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Yukon Arctic Ultra 100-mile race concludes. 300-mile racers march on

300-mile race leader sets blistering pace to Carmacks, held up as organizers assess ice safety

The 2024 Yukon Arctic Ultra is underway, with most of the field in the 100-mile race to Braeburn finished and the 300-mile event bound for Pelly Crossing making good progress. By Feb. 7, three days after the race started, it was clear that the Ultra would have to make similar course adjustments seen by the Yukon Quest dog-sled race earlier this week.

The race departed Shipyards Park in Whitehorse on Feb. 4. Its marathon run out to Muktuk Adventures wrapped that same day while the racers on foot, skis or fat-tire mountain bikes kept going for finish lines in Braeburn or Pelly Crossing on the 100 and 300-mile routes.

At the start line checking her gear alongside the other racers was Teri Polesky from northern Ontario, who had been in two 100-mile Arctic Ultras before but was taking on the 300-miler for the first time. Gesturing to her sled, Poleski said she had been training by pulling it long distances to prepare for the 300-mile race.

Also gearing up to start was Alex de Sain of the Netherlands, who was beginning his third attempt at the 100-mile Arctic Ultra. De Sain had scratched twice before, once due to an overloaded sled and once due to an unexpected injury sustained getting out of the way of a snowmobile last year.

“Every year, you get smarter. You know more, what you’re getting in,” he said.

“The first time, you don’t know what you don’t know.”

De Sain said he had been training hard in preparation but recognized that, in the Yukon’s winter conditions, each year presented a different challenge.

The mood was buzzing as the sun rose, and the racers left the start line together, travelling up the frozen fringe of the Yukon River.

Scott Herron and Ric Horobin, both on bikes, were the first and second overall finishers in the 100-miler. Herron did it in 21 hours and 52 minutes, while Horobin followed a little less than eight hours later. Elise Zender was fastest on foot, crossing in 30 hours and 38 minutes.

Three of the 15 entrants in the 100-mile race scratched on the course while the rest finished.

The 300-mile racers have either scratched or are still out on the course. The Arctic Ultra’s website shows a total of 10 scratches, with Polesky and Whitehorse local Jeff Larsen among them.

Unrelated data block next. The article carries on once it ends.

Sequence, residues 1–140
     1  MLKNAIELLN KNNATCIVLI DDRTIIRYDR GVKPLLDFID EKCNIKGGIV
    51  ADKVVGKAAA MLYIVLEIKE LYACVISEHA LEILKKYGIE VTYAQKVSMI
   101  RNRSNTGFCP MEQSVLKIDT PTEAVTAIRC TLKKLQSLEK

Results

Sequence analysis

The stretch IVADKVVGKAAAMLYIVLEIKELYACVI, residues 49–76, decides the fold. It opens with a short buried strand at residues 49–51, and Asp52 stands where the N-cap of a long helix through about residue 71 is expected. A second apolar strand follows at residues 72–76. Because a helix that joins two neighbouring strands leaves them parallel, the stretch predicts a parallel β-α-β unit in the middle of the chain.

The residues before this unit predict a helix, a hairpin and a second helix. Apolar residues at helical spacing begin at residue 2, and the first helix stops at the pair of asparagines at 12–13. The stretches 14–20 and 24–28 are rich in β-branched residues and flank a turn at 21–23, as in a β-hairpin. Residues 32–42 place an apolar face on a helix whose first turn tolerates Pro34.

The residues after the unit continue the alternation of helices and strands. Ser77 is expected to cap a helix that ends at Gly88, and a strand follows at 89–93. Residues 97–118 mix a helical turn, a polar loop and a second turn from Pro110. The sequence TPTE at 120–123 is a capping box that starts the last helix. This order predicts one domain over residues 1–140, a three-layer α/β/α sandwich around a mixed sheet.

The route for the 300-mile race includes the area that the Yukon Quest had to truck mushers and their dogs past earlier this week. The Quest had to make this move after open water was discovered on the Yukon River between Carmacks and McCabe Creek. Quest teams were ultimately trucked to McCabe Creek to continue up the river.

Ultra race organizer Robert Pollhammer posted to the race’s Facebook page on the the morning of Feb. 7 to state that the Ultra would be undergoing a similar route change due to conditions.

Leading the pack of the racers remaining on the course is Jovica Spajic of Serbia, who set a blistering pace to Carmacks, arriving there at around 11 p.m. on Feb. 6. According to an update posted by race organizers in the early morning hours of Feb. 7, Spajic was getting some unexpected rest in Carmacks as the open water situation ahead was being assessed. Pollhammer said that Spajic would be the first shuttled to McCabe Creek to recommence the race.

At press time, Daniel Benhammou was in second place about nine miles out of Carmacks, and Josh Nakel was in third, having passed the Mandanna Lake checkpoint.

Editor’s Note: This story has been updated to reflect more accurate information received through the race’s tracking system regarding finishers and scratched racers

Contact Jim Elliot at

Jim Elliot

About the Author: Jim Elliot

I’m a B.C. transplant here in Whitehorse at The News telling stories about the Yukon's people, environment, and culture.
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